The SimpleSoccer Page
Welcome to the home page of the SimpleSoccer robot soccer simulation environment.
SimpleSoccer is a tool for
investigating the behaviour of one or more agents playing a soccer-like game.
The game can be played by a single player, two teams of up to eleven players per
team, or anything in between. The game can be viewed on a standard text monitor
(or window) using ordinary ascii characters (no special graphics required).
SimpleSoccer came out of research for my PhD. I was interested in using the RoboCup Soccer simulator to evolve the behaviours for robotic soccer players, but since I needed to have a large population of players play lots of games in order to evolve anything useful, playing in real time was prohibitive.
I decided I needed an environment that would approximate RoboCup, but would play in cpu time rather than real time. SimpleSoccer was inspired by Ascii Soccer, but coded to be more RoboCup-like. Unlike Ascii Soccer, SimpleSoccer allows movement and kicking in any direction from 0-360 degrees, has a RoboCup-like field with goals etc., and gives the players sensors more like RoboCup (i.e. players see more than just the eight adjoining cells). SimpleSoccer works a lot like RoboCup (it has the turn, kick and dash primitives). SimpleSoccer lacks the uncertainty of RoboCup (there is no uncertainty added by the system), and it runs in cpu time rather than real time. It also lacks some of the complexity - it has no coach, no verbal communication etc. Otherwise it is a pretty good model of RoboCup soccer.
SimpleSoccer is written in C and
runs in a text window on Unix or Windows systems.
This is a screenshot of a game with two teams, each consisting of 4 players. It was taken at tick 99 of the first game. The east team players are represented by the "<" characters and kick to the left of the field; the west team players are represented by the ">" characters and kick to the right of the field. The ball is the inverse video rectangle, the boundary is marked by the "." characters, and the goals by the "|" characters.
The score line at the base of the field displays the current game number, the current tick number, the tick at which the last dash was performed (by any player), the tick at which the last kick was taken (by any player), and the number of goals scored in the current game by each team.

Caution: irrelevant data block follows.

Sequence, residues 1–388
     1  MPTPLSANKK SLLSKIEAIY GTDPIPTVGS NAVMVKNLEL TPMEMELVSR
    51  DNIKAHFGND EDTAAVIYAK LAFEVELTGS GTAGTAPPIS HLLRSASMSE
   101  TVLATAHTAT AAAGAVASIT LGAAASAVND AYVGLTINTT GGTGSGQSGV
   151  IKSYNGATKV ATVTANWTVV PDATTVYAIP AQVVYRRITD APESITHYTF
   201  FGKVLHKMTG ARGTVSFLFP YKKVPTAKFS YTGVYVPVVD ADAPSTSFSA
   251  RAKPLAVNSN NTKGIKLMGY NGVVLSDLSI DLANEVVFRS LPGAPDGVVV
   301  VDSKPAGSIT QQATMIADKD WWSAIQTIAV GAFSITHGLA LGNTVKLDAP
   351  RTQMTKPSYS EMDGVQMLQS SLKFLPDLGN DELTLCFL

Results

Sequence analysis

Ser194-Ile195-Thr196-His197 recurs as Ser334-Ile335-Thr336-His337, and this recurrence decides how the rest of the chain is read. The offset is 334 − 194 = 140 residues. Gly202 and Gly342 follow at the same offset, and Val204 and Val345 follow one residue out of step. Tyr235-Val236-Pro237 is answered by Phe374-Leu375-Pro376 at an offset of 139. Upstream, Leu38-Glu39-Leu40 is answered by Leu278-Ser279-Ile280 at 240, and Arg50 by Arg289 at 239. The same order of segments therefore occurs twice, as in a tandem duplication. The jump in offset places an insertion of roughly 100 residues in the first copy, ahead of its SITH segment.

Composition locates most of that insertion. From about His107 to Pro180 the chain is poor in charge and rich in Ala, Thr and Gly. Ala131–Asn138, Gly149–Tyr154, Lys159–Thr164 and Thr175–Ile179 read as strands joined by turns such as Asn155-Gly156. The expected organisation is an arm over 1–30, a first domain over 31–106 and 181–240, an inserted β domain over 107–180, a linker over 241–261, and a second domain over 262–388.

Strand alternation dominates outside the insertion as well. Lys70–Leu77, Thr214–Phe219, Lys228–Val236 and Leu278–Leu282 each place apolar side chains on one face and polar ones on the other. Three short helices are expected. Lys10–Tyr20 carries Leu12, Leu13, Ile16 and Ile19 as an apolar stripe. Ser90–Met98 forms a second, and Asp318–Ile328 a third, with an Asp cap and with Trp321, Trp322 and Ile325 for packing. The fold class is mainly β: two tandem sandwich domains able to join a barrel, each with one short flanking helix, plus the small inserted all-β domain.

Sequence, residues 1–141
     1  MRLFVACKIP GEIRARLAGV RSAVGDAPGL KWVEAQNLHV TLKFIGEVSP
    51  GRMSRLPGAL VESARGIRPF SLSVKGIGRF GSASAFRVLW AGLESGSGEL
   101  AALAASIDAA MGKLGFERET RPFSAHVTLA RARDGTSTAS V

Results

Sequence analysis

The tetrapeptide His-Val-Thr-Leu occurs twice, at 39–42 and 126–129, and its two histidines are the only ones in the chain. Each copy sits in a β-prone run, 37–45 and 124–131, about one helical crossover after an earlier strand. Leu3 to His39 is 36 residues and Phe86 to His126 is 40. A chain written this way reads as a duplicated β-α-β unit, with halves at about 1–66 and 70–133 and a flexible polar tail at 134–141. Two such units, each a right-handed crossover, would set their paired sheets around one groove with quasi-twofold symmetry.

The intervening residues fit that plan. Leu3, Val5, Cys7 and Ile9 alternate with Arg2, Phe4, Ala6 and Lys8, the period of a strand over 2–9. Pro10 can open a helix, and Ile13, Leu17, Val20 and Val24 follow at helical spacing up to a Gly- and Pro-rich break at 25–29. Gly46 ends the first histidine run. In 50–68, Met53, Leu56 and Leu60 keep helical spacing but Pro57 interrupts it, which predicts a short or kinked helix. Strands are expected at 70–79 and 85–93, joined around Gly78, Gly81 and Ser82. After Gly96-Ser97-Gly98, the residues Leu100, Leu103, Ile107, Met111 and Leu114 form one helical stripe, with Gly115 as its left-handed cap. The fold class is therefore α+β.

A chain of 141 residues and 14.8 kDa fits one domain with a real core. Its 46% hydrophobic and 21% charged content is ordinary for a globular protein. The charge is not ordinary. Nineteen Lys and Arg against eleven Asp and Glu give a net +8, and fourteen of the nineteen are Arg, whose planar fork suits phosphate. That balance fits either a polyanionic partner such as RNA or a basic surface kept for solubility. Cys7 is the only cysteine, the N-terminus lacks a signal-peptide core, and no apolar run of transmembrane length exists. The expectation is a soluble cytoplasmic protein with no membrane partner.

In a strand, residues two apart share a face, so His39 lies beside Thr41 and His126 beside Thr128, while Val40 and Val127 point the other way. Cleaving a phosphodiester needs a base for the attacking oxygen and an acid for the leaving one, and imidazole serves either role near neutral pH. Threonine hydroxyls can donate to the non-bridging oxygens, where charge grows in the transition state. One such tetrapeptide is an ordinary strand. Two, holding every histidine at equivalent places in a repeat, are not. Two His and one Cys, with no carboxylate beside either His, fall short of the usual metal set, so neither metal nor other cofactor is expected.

The SimpleSoccer README (June 6, 2006)
SimpleSoccer v1.00 source package (June 6, 2006)
After downloading and uncompressing/untarring/unzipping
the source package, make the binary:
For gcc and curses, type
"make" or "make -fMakefile"
For bcc32 (Borland C++) and DOS, type
If there are compile errors you may need to look at some of the platform specific console IO stuff in visual.h. If there are other compatibility issues they shouldn't be too difficult to fix.
Once the binary "simplesoccer" exists, type "simplesoccer" or "simplesoccer -?" to get help.
To start a demonstration, type
simplesoccer -pdemo.parms -w10
This will start a series of 10 games between two 4-player teams. Each game will be played for 2000 ticks, or to 10 goals, whichever comes first. The "-w10" argument slows play down a little so you can see what's happening - omit that argument to see the game play at normal speed. At normal speed on a dedicated PC the ten games take 10-20 seconds to complete. With the "-w10" option it could take a few minutes. The program can be interrupted by cntl-C (or by pressing any key if compiled using bcc32 and executing in a DOS window), and new options selected or the program terminated.
SimpleSoccer was developed by Jeff Riley (click here to see Jeff's other research). Feel free to with suggestions for enhancements or defect repairs.